S&P Global has been given a conditional green light from the European Commission for its $44 billion acquisition of IHS Markit, announced in November last year.
If successful, the transaction would combine the business information providers’ offerings to create a data and analytics powerhouse to rival that of Bloomberg and Refinitiv, offering extensive solutions across data, platforms, benchmarks, and analytics across climate, energy transition and ESG.
In terms of annual revenue, S&P Global is currently third in the market after Bloomberg and Refinitiv, however, the addition of IHS Markit’s business has the power to change that.
The European Commission launched an investigation into the deal in September, finding that it had the potential to damage competition through price increases and a reduction of choice for participants in the market.
However, the Commission’s announcement on Friday, said that remedies proposed by S&P Global and IHS Markit – including the divestment of IHS Markit’s Oil Price Information Service, and S&P Global’s CUSIP issuance and data licensing business, leveraged loan 100 index family, and its leveraged loan market intelligence product Loan Commentary and Data – satisfied its concerns around competition.
“S&P Global and IHS Markit are leaders in the commodity and financial data markets,” said Margrethe Vestager, executive vice-president of the Commission, in charge of competition policy. “Without remedies, the merger would have limited customers access to some competitive and reliable data which is essential to ensure fairness of physical trades and financial markets.”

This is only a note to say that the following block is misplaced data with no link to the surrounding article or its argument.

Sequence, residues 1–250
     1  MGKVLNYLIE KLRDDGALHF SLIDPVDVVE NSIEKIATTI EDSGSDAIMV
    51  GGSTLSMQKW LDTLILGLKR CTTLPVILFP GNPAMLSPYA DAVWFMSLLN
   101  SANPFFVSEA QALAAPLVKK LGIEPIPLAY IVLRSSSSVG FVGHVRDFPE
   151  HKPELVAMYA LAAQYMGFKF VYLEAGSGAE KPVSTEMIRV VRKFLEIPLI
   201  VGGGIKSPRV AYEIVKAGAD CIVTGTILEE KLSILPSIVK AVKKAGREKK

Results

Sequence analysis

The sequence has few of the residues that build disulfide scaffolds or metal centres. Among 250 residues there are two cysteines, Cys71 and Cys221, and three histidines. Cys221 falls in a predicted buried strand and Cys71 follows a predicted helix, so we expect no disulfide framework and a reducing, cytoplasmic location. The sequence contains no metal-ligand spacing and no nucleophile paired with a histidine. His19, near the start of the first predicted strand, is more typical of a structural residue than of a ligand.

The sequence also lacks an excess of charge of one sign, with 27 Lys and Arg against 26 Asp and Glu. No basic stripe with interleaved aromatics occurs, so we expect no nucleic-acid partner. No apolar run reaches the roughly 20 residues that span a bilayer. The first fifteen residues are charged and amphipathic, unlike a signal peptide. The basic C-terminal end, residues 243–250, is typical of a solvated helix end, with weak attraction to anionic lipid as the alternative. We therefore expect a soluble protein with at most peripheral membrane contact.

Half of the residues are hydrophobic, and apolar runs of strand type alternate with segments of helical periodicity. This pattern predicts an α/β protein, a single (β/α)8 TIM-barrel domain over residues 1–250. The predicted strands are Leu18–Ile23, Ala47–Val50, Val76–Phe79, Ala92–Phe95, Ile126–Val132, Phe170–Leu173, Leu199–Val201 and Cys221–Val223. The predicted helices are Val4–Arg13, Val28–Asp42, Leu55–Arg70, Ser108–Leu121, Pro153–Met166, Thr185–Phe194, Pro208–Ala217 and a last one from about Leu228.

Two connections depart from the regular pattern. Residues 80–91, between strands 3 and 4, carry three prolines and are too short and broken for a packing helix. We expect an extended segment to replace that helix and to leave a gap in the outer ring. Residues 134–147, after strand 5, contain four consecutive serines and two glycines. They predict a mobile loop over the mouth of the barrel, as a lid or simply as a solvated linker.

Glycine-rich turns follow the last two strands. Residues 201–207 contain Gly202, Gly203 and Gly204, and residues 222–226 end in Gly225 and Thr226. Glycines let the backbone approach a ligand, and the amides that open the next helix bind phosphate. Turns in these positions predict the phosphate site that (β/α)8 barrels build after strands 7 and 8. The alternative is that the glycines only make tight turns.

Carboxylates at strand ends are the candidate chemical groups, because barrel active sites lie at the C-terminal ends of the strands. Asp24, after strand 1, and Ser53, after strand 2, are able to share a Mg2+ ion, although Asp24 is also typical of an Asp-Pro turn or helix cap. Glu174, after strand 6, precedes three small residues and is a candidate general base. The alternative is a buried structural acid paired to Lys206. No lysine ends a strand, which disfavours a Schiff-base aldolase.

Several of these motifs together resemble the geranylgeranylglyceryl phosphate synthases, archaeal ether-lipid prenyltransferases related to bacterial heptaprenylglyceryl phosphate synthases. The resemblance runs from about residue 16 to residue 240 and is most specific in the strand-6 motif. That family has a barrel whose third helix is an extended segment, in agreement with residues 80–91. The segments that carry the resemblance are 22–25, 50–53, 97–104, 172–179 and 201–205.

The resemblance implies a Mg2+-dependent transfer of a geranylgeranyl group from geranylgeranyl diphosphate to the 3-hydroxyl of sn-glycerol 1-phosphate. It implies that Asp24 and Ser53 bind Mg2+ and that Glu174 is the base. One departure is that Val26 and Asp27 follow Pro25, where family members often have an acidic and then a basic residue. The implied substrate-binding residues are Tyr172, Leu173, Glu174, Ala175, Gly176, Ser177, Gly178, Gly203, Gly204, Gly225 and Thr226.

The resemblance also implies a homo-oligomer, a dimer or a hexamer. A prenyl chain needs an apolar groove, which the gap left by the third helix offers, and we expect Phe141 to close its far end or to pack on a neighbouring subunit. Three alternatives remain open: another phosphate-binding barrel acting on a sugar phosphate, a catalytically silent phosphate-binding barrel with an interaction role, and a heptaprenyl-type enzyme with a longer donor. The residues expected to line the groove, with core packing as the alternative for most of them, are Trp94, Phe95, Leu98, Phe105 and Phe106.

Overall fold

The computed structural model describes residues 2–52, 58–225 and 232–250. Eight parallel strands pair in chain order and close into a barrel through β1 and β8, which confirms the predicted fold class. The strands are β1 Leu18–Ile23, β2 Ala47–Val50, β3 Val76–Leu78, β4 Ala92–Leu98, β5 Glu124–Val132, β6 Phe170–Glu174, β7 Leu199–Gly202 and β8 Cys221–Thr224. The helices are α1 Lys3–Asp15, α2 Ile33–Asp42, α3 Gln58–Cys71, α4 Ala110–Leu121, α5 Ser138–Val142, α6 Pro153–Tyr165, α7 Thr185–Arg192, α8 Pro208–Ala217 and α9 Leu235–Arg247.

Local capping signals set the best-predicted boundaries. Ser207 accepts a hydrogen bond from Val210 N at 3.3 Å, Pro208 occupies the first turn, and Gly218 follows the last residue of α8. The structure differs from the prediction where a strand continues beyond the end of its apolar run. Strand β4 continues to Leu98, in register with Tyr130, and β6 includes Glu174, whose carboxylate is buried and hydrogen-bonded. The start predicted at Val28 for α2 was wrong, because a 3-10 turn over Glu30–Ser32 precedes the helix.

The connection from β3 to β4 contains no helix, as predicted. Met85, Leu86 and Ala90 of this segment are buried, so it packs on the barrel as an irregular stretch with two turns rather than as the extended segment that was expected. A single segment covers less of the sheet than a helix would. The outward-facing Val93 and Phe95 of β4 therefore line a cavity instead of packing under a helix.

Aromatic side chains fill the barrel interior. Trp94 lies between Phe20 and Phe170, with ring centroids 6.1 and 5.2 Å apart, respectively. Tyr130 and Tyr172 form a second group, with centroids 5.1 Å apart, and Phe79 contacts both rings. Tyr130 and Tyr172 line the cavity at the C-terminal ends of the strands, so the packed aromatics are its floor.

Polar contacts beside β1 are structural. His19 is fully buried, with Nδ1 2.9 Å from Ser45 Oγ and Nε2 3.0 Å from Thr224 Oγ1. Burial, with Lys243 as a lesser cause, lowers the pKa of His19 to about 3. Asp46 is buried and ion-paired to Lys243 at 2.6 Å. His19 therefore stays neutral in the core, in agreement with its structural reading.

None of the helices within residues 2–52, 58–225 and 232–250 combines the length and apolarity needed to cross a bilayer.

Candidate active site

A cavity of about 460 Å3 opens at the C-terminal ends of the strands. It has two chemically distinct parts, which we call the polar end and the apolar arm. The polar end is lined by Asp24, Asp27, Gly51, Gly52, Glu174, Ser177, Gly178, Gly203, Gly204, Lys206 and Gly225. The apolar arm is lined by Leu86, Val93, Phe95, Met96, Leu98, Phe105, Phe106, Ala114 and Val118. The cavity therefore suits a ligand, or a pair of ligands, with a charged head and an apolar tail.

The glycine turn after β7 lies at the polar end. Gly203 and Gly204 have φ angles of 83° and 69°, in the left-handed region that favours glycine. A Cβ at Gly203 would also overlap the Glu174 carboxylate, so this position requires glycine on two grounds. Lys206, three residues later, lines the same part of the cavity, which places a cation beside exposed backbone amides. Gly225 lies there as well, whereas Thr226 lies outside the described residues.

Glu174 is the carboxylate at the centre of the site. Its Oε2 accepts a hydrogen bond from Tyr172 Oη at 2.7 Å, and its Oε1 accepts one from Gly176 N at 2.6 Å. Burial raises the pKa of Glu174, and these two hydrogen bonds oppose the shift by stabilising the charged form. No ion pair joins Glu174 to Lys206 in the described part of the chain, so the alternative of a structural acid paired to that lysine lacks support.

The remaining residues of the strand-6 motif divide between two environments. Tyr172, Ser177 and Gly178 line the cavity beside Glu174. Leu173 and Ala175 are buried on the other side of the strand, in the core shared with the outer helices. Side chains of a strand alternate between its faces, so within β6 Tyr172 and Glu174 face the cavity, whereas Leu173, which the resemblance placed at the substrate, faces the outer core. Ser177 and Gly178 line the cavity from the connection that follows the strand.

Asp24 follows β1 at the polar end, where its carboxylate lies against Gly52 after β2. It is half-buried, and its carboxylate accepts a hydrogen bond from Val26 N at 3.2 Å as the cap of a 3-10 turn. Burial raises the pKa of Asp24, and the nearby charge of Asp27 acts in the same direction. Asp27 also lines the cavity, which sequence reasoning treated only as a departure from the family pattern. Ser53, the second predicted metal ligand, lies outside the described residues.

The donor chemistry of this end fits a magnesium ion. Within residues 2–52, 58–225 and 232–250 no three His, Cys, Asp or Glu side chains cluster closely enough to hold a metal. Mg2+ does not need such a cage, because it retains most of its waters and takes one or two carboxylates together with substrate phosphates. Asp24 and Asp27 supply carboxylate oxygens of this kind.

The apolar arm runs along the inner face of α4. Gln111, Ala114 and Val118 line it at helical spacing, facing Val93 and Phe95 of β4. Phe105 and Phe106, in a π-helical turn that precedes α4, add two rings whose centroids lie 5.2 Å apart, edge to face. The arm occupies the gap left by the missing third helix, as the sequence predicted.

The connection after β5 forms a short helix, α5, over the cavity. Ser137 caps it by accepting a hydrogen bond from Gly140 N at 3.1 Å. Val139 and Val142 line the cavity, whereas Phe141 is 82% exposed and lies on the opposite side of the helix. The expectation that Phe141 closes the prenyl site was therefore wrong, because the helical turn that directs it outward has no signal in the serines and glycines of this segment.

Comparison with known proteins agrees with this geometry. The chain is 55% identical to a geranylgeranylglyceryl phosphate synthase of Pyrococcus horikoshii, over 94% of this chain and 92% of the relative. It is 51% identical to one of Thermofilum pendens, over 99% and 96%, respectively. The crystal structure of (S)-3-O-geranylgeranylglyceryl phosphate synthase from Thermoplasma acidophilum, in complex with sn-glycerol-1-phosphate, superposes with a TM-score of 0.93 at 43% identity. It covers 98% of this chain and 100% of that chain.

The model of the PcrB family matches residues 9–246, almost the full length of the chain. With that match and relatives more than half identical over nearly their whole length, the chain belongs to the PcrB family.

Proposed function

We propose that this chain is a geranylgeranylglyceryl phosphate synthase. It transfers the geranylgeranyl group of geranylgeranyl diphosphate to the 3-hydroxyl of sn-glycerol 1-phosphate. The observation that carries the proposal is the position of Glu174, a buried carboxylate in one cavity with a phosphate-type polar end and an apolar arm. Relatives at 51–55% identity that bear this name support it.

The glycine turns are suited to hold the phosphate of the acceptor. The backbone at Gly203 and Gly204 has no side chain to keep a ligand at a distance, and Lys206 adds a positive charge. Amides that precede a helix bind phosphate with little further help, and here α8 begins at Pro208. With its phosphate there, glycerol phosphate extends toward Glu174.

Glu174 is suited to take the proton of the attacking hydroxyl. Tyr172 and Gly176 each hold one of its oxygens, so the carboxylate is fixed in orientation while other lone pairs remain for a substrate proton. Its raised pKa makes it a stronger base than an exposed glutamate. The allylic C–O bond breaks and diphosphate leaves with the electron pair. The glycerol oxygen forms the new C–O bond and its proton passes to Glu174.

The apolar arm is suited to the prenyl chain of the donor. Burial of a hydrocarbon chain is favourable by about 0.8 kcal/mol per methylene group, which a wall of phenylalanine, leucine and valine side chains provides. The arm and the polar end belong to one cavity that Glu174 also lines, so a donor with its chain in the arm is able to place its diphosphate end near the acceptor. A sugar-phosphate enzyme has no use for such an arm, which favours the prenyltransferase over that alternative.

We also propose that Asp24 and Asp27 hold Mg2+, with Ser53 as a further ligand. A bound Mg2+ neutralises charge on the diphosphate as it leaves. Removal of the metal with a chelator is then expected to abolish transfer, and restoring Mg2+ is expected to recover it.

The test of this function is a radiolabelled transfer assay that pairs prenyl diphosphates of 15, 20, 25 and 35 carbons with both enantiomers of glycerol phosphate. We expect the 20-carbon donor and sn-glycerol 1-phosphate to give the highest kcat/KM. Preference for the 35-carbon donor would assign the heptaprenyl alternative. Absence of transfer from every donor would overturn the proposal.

“With this conditional approval, the problematic overlaps in commodity price assessments, and also in the area of loan identifiers and indices are fully removed, to the benefit of competition.”
Following this approval, S&P Global and IHS Markit said they expected the deal to close in the first quarter of next year.
However, the Commission was not the only regulatory body to raise competition concerns over the deal after the UK Competition and Markets Authority (CMA) also began looking into the deal in June, inviting participants to comment on the potential damage it could pose under the merger provisions of UK competition law in August.
The CMA updated the status of its inquiry on 19 October, concluding that the deal would damage competition, particularly in the supply of price assessments of biofuels, coal, oil, and petrochemicals in the UK.
It has invited S&P Global and IHS Markit to submit proposals to address these concerns and prevent the deal being referred for a Phase 2 investigation which could lead to conditional approval like that given by the Commission or even the prohibition of the merger altogether.